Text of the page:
Tabletop gamers of my generation never had to deal with the mass hysteria surrounding role playing games in the 80s. Some of us, including myself, did have people in our lives who believed RPGs were evil. I still have strong feelings about my experiences, and I’m sure others with similar stories do as well. But what we experienced was an aftershock of a much more widespread phenomenon. Most people I’ve spoken with view tabletop games as an interesting past time. Occasionally they deride it as childish, or ‘nerdy,’ but it’s not very common these days to come across someone who honestly believes it is evil. None the less there was a time when role playing games were the target of religious zealots all across North America.
I bring this up because I was recently sent a link to a series of forum posts and images, uploaded by a fellow called Walkerp. When he was young, his hometown was swept up in this ‘controversy.’ His mother (who is clearly the coolest mother ever) saved a lot of local newspaper clippings on the subject, and eventually presented them to him as a gift. He was kind enough to scan and share them, and I’ve reproduced them below. Some of them are a little blurry near the edges, but I was able to decipher everything just fine. Reading these clippings was enlightening for me. It’s one thing to know a controversy existed, to read about it, and even encounter an odd individual or so who still believes D&D is evil. It’s quite another to see these issues seriously discussed in a newspaper.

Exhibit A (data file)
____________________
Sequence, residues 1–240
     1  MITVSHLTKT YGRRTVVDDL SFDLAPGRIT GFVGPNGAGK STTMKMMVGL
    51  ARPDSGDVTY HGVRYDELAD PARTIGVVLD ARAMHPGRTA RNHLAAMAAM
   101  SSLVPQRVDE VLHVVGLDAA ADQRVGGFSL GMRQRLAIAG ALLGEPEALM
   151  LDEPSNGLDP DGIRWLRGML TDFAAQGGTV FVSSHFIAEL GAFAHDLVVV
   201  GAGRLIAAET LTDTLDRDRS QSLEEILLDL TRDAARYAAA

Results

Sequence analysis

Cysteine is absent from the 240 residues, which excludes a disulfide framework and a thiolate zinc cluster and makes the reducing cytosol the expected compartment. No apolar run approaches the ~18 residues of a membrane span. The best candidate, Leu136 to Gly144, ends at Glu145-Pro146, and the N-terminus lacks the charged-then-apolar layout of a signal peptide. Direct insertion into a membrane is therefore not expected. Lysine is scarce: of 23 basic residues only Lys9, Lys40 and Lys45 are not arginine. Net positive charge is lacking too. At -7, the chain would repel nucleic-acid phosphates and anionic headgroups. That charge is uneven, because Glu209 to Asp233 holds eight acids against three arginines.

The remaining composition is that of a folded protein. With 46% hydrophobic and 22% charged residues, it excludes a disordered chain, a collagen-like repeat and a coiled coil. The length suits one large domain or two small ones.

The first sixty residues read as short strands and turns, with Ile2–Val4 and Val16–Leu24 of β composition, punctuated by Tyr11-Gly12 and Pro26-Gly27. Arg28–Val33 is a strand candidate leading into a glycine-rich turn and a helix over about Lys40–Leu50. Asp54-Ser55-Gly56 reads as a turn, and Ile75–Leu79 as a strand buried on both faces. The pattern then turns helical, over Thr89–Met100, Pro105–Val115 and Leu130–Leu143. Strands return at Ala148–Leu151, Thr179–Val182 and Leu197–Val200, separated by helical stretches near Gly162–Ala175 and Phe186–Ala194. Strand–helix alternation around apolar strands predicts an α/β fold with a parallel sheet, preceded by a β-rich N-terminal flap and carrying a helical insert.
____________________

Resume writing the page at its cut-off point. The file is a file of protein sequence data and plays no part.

You’ll note that in many of the clippings, a man named Clifford Olson is referenced. The anti-D&D crusaders repeatedly say they fear the children are being influenced by the game, and that they don’t want a repeat of the Clifford Olson incident. I had never heard of Clifford Olson before, but I assumed he was somehow involved in role playing games. Perhaps he was the kid who committed suicide over it which I’ve heard so much about. Curious, I decided to look into who he was. As it turns out he was not even slightly related to D&D or role playing games of any kind. He was simply a pedophile who raped and murdered young girls.
I am honestly floored by that casual and despicable accusation. How can any adult seriously claim a group of young teenagers are going to become monsters? It’s hard to believe a newspaper would print that kind of vile attack against children, much less that anyone would ever take it seriously. I understand that fear can be powerful, and that emotions run high after a tragedy, but there is no excuse for that kind of depraved behavior.
As I read this, I repeatedly thought of the men and women who worked on D&D in those days, Gary Gygax in particular. He (and no doubt many others at TSR) was a devout Christian. I can’t imagine what it is like to have your life’s work literally demonized by your own religious community. He probably found great comfort in his religious beliefs, but petty fools chose to take his source of comfort and use it as a weapon against him. Even decades after this nonsense had mostly blown over, after Gary died, a donation in his name was refused by his favorite Christian charity. I can’t even comment on that, it’s simply depressing.
Cicero said: “Not to know what happened before we were born is to remain perpetually a child.” So without further comment, here is what happened in our hobby before many of us were born.